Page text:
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New article on policy labs in Public Management Review

Julia Fleischer and Nora Carstens have published an article on policy labs in Public Management Review. They discuss the relevance of policy labs for policy design in the digital transformation of the German public sector. Based on a comparative case study of two digitalization labs, the article addresses the question which factors shape boundary spanning activities in the laboratories. In particular, the authors examine the influence of the organisational field, the actors’ constellations and the capabilities of the lab members on boundary spanning and policy design in the labs.

This work is part of the EU Horizon 2020 research project TROPICO (Transforming into Open, Innovative and Collaborative Governments).

The article can be found here.

Abstract
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Abstract
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New article on digitalisation labs in German Politics

Nora Carstens has published an article on digitalisation labs in German Politics. She discusses the development of new multilevel collaboration in Germany that has been created under the Online Access Act (OZG) and investigates how institutional settings, internal dynamics and actors’ composition influence policy design processes. This work is part of the EU Horizon 2020 research project TROPICO (Transforming into Open, Innovative and Collaborative Governments).

The article can be found here.

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Abstract
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New article on international bureaucracies in International Studies Review

Julia Fleischer and Nina Reiners have published an article on international bureaucracies in International Studies Review. They discuss the current state of research on these actors in IR and PA, arguing that mostly influence, authority, and autonomy are referred to in order to explain the agency of these actors. Less attention, however, is given to the political context of these international bureaucracies. Future joint research that links international relations and public administration research more strongly may therefore benefit from actor-based explanatory perspectives and from greater attention to the (dynamic) political environment of these actors.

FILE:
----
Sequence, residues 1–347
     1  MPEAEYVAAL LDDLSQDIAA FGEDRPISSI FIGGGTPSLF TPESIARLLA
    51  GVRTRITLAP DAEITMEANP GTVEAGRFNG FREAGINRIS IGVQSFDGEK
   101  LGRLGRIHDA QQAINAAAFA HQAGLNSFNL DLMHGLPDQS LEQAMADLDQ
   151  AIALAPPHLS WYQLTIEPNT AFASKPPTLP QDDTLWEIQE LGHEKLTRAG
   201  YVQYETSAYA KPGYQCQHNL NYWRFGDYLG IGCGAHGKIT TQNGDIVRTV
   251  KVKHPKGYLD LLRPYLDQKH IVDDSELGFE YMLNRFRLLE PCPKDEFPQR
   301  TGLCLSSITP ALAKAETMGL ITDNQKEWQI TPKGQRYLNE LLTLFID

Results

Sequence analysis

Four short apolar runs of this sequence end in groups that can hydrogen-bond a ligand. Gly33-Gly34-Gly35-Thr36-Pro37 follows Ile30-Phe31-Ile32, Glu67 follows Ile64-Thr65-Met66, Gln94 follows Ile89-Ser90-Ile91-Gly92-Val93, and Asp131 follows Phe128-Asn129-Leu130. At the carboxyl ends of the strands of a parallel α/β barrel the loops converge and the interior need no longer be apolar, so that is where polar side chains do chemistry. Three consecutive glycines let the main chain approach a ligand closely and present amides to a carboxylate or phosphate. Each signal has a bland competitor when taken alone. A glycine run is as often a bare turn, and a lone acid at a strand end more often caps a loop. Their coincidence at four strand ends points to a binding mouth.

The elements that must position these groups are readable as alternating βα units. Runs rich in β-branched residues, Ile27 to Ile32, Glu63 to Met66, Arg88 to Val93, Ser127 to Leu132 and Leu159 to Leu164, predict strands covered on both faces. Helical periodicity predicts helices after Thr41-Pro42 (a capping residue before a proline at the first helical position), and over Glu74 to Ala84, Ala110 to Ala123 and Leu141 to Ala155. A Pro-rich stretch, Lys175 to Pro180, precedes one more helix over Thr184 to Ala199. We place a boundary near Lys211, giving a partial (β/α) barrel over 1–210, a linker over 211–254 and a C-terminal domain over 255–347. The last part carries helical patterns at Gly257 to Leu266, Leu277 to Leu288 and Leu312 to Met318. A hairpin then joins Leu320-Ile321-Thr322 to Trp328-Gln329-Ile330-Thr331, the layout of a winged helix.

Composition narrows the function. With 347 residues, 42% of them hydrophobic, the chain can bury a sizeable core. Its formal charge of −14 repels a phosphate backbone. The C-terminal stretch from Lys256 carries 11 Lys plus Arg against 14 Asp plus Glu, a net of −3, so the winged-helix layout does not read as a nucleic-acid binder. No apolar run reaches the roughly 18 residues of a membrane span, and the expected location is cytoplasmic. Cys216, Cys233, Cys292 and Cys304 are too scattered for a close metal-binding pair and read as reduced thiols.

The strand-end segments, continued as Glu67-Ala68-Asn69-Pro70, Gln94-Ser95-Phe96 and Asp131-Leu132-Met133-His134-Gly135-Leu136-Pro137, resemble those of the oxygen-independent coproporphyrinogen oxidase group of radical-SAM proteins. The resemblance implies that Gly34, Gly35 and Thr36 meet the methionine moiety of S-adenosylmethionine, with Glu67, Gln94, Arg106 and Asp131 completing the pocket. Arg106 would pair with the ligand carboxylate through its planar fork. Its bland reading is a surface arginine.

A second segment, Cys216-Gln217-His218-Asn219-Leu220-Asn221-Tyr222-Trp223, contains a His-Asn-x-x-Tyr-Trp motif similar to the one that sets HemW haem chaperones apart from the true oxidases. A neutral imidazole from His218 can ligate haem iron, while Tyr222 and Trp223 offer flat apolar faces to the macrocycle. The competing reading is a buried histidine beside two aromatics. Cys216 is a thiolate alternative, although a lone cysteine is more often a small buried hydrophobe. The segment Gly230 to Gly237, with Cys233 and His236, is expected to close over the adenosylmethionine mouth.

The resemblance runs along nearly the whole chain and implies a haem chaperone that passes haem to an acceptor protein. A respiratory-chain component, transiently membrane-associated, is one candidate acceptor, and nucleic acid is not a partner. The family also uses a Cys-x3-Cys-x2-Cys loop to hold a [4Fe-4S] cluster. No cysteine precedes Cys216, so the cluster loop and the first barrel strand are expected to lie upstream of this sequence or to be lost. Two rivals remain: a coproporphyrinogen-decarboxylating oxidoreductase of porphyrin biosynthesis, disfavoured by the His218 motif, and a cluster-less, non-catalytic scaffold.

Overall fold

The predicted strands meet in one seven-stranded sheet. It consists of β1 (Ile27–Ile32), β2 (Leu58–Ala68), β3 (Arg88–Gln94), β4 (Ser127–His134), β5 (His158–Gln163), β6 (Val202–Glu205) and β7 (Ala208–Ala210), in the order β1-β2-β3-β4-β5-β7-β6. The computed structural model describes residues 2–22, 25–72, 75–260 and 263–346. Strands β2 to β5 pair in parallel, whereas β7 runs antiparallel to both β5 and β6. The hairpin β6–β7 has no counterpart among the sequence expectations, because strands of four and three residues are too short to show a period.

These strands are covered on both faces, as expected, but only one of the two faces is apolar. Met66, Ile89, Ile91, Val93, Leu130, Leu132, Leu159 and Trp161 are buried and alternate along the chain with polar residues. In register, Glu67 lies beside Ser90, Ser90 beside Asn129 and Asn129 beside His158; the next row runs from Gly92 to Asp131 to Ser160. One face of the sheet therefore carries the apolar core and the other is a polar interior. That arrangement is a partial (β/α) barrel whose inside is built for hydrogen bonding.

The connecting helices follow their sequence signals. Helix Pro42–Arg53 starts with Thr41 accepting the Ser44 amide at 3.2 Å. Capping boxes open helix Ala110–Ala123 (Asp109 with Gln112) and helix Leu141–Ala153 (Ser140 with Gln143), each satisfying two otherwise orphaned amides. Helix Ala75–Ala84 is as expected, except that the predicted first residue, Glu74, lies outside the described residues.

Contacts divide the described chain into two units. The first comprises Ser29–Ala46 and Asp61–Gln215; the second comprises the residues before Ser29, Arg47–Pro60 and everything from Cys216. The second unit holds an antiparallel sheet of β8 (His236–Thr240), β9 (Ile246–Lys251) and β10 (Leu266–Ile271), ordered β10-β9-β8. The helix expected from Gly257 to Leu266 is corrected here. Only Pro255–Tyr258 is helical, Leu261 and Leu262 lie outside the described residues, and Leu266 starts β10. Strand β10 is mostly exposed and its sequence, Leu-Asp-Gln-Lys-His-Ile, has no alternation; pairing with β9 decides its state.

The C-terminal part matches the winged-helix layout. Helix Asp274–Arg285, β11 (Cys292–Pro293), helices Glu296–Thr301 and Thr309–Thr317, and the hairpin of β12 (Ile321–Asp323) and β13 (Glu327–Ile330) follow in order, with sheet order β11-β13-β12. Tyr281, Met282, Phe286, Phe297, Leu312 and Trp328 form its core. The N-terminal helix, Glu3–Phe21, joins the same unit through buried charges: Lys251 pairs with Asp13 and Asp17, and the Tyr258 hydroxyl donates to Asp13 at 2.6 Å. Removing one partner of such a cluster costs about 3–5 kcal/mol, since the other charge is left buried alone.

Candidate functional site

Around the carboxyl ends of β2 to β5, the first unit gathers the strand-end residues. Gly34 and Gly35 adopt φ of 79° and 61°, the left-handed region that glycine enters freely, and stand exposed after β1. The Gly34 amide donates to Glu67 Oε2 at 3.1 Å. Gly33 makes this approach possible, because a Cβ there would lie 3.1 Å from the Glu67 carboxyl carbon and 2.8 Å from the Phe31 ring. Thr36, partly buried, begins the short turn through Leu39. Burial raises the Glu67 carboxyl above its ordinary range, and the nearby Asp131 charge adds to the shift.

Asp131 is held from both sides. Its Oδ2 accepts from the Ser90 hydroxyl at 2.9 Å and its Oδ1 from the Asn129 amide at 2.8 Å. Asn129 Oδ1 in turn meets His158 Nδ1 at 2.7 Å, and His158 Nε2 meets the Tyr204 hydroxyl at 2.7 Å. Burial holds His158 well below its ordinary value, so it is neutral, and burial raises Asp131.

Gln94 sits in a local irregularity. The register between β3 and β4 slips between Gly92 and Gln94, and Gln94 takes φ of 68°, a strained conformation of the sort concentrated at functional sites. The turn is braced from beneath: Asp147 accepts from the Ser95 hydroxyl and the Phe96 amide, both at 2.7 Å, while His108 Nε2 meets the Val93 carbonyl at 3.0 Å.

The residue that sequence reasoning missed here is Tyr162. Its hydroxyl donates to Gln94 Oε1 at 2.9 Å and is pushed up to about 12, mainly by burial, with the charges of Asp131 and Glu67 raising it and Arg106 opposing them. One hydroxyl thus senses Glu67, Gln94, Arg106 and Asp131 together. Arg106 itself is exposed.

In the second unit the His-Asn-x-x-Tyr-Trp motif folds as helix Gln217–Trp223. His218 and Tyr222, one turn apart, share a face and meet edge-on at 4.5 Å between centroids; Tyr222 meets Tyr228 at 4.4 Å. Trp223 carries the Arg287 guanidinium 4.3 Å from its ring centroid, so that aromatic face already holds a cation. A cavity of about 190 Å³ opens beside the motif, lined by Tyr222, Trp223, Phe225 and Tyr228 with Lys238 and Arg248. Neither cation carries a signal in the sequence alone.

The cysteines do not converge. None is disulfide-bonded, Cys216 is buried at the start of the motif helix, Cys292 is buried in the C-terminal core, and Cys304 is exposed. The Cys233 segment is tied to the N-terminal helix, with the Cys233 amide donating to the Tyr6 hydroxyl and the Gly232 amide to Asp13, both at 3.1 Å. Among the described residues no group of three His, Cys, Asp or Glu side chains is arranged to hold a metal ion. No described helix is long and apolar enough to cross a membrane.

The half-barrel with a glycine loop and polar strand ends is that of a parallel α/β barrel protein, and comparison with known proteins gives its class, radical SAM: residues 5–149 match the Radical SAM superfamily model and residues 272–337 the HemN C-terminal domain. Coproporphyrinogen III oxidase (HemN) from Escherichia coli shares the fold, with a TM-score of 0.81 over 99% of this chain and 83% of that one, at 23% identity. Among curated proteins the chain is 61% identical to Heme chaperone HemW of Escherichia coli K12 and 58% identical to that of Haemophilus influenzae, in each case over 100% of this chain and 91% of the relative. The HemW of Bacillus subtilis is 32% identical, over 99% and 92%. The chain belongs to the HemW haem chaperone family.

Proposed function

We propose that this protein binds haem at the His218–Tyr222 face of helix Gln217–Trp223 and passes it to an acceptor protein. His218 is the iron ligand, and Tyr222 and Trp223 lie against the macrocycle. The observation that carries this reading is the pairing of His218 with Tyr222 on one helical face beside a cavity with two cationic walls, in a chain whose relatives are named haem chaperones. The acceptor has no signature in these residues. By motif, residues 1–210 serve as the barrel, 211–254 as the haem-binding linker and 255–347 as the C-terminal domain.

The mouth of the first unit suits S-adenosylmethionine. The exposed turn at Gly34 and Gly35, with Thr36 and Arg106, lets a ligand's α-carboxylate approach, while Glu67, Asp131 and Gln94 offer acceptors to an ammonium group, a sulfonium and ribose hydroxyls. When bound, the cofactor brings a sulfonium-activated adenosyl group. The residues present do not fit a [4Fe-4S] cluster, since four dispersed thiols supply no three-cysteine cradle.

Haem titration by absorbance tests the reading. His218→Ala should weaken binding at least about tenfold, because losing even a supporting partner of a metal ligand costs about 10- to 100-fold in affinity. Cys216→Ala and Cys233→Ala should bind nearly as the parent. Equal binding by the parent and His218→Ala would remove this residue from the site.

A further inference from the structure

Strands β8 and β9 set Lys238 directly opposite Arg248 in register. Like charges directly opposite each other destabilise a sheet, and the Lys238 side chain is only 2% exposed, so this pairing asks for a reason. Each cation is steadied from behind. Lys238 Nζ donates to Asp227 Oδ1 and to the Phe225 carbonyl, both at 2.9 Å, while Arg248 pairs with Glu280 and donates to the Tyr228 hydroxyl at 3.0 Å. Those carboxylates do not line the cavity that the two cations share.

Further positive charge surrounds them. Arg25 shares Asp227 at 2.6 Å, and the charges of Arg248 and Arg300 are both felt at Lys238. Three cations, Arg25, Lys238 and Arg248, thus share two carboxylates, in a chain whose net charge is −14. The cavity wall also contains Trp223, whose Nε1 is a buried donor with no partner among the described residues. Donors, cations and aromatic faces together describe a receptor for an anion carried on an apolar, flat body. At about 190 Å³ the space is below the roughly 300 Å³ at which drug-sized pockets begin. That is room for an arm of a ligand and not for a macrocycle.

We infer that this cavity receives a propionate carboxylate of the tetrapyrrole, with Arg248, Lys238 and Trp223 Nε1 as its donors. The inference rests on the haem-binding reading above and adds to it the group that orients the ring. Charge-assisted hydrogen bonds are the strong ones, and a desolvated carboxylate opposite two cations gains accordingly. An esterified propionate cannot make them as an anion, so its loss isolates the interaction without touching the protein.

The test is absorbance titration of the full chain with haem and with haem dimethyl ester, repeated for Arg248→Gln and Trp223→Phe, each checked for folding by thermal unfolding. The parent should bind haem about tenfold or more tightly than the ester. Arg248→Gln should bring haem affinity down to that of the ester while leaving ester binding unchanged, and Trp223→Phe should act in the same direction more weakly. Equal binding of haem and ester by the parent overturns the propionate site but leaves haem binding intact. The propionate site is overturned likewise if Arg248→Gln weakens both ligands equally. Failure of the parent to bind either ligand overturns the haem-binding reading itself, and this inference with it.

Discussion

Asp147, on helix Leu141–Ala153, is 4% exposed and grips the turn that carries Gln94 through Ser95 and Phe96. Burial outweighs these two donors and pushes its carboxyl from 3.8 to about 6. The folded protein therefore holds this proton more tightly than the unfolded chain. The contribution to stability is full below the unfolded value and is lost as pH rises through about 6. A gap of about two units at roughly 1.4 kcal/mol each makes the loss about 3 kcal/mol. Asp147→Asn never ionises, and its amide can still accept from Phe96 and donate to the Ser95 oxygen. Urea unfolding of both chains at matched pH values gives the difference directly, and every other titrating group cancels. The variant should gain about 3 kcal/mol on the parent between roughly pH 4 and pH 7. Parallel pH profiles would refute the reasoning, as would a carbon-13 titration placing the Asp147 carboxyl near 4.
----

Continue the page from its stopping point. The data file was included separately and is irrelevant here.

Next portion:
The article can be found here.

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New DFG-funded project "FISCAP"

A well-functioning fiscal administration is a key element of fiscal capacity, i.e. the ability of governments to raise revenue from broad tax bases. However, surprisingly little is known about how an efficient fiscal administration can be built in places where it does not yet exist and with what consequences. The project "Building Fiscal Capacity" (FISCAP) improves our understanding of such dynamics in fiscal administrations. The FISCAP project studies empirically the measures taken to build the fiscal administration in the territory of the former German Democratic Republic after the German reunification in the 1990s and evaluates their potential short and long term impacts in politics and economics. Our team collaborates with colleagues from LMU Munich and University of Hohenheim, thus bringing together expertise in political science and public administration, public finance, and organizational economics.

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